Was it 1969 when I dropped my first tab of acid? Or was it 1970? The answer is crucial

It's a simple enough voicemail, but it takes me the best part of three days to ring back. An affable-sounding chap called David Roscoe wants to know if he might possibly have permission to reprint a 1969 article of mine for a forthcoming volume of critical essays on the American sociologist Erving Goffman.

It is something of a gift-horse in these troubled university times, when academics are endlessly engaged in turning previously unconsidered trifles into learned papers in order to feed the raging appetite of the government's Research Assessment Exercise.

My hesitation is entirely prompted by the date of the article that Roscoe is so energetically pursuing. As the latest book by Eric Hobsbawm (and the long essay by Perry Anderson in the revamped New Left Review) forcibly remind me, there are a group of scholars, in perfect control of their intellectual trajectory, who not only would be able to date every single sentence of their oeuvre, but also would have no difficulty at all in relating it to their overall ideological development. But I know only too well that my own academic career was rather less dominated by a desire for intellectual consistency than a persistent determination to climb aboard any passing theoretical bandwagon. Although I didn't subscribe wholeheartedly to the megalo-maniac architectonics of Parsonian structural functionalism or to the convoluted reflexiveness of Garfinkel's ethnomethodology, I was always diligently respectful to current orthodoxy. ("A fellow traveller with an awayday return in his inside pocket", as an unnecessarily harsh critic of my book on the qualified virtues of Althusser's rereading of Marx remarked in the pages of the British Journal of Sociology.)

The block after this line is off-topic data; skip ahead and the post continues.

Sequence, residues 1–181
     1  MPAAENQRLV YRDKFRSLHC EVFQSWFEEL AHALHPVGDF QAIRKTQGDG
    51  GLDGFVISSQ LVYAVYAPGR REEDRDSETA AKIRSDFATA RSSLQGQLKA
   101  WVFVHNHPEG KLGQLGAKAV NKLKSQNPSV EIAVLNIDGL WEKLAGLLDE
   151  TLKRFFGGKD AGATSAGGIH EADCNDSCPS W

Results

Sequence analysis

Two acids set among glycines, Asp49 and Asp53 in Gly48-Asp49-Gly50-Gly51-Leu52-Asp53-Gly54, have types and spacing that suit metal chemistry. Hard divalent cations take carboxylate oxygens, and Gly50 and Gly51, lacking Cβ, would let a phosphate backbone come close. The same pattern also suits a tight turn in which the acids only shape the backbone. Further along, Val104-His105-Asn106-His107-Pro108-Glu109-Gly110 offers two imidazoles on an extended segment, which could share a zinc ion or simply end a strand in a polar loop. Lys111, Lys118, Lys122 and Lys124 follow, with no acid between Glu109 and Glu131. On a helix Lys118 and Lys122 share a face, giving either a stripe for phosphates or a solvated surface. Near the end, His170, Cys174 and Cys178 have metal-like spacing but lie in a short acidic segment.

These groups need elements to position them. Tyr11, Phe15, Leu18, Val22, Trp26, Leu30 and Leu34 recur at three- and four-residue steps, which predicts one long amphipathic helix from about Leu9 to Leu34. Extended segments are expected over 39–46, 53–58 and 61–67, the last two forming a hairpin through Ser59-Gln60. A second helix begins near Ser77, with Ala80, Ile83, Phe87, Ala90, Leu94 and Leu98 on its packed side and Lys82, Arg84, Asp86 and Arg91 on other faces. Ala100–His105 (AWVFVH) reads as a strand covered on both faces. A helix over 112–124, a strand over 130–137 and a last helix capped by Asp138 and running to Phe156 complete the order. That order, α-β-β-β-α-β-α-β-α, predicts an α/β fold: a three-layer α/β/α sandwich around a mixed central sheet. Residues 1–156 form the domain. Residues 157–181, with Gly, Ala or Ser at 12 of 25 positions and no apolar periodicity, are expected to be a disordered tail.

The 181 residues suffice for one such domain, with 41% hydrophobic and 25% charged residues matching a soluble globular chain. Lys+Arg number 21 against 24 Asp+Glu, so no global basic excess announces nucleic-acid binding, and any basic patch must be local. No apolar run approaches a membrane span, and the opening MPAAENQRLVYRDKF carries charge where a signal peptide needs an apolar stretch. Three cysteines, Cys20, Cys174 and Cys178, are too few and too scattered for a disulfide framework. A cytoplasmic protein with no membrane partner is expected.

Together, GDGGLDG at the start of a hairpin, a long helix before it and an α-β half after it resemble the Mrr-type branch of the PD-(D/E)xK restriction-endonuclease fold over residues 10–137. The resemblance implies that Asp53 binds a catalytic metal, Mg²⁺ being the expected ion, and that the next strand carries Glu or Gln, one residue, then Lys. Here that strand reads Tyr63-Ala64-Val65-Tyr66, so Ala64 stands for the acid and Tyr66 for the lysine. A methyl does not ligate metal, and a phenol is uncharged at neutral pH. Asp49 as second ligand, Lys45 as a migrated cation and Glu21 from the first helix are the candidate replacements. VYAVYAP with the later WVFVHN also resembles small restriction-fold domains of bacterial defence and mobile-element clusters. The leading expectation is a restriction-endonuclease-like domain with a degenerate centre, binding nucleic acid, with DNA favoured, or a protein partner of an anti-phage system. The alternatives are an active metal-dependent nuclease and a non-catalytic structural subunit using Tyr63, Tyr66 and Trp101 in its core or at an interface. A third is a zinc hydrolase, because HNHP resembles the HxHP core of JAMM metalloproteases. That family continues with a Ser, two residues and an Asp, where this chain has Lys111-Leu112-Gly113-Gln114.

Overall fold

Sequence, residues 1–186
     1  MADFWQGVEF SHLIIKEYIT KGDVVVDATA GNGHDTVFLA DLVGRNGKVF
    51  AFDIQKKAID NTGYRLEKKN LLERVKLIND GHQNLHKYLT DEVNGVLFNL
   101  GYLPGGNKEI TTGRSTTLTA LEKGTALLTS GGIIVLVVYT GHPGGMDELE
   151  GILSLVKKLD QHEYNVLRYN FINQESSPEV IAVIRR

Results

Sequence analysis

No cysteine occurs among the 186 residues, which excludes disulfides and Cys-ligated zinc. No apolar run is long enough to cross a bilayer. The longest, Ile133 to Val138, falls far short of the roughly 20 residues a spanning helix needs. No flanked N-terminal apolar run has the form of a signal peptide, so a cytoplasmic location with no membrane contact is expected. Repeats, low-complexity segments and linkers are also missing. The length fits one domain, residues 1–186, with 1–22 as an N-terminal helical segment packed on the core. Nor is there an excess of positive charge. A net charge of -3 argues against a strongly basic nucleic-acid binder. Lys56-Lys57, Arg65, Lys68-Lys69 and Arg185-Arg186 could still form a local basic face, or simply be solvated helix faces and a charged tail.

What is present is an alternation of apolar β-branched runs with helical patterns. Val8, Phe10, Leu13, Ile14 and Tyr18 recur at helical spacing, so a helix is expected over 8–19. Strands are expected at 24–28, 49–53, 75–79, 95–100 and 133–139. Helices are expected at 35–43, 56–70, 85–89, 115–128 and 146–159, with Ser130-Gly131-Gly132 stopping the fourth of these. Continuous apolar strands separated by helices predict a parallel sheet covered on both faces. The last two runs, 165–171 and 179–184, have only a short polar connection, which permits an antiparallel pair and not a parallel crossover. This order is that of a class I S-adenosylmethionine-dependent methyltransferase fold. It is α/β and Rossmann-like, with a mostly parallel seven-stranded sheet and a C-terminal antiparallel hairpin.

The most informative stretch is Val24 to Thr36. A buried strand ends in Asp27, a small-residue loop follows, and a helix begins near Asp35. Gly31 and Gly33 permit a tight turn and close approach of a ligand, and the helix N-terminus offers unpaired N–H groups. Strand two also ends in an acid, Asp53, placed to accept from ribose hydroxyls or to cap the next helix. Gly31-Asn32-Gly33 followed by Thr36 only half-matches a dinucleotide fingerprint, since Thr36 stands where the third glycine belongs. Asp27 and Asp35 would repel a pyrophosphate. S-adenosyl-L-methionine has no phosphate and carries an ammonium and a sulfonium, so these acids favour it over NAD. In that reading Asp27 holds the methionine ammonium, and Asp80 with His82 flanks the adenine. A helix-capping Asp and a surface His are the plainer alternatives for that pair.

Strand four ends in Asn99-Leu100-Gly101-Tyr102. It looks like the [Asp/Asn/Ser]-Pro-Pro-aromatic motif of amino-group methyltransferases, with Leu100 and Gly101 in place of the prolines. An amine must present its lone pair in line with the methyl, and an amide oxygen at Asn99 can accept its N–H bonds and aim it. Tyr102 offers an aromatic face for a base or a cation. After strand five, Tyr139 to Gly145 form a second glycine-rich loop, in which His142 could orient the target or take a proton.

Despite having a vague memory of writing a critical review of Goffman in 1969, I could not for the life of me recall whether or not my ideological standpoint at the time had led me to praise him as the precursor of a new and exciting theoretical stance that would revolutionise our view of the significance of microinteraction, or to damn him as a class traitor who'd managed to write several long tomes without once mentioning the vexed problem of false consciousness.

When I finally rang back, I tried to wheedle a little information from my new editor about the nature of my original article without simultaneously suggesting that I was the type of expedient polemicist who had no more commitment to the opinions held the day before yesterday than a feature writer on the Mail.

"Of course," I wheedled, "those were very much early days for Goffman. Hardly anyone predicted the impact he was to make in later years." Roscoe seemed reluctant to bite, as though he'd already scheduled my piece for a section entitled "Those Who Got It Wrong", in which my crypto-Marxist aversion to the presentation of self in everyday life would be compared to Decca's failure to recognise the distinctive talents of John, Paul, George and Ringo. "I'll send the permission form along for signature," he said abruptly and rang off.

When I met Geoff for a quick pint of best in the Lamb & Flag, I came straight to the point. "You can't by any chance remember my ideological position back in 1969?" "Sixty-nine?" he mused. "Wasn't that the time when you took your first tab of acid, moved into that commune in Tadcaster and went round quoting Artaud to the effect that all categories were bullshit?" I was already crumpling the permission form when Geoff magically retrieved the situation. "No. Silly me," he said. "I've got it completely wrong. That was 1970."

This article first appeared in the 22 May 2000 issue of the New Statesman, Hacking their way to a fortune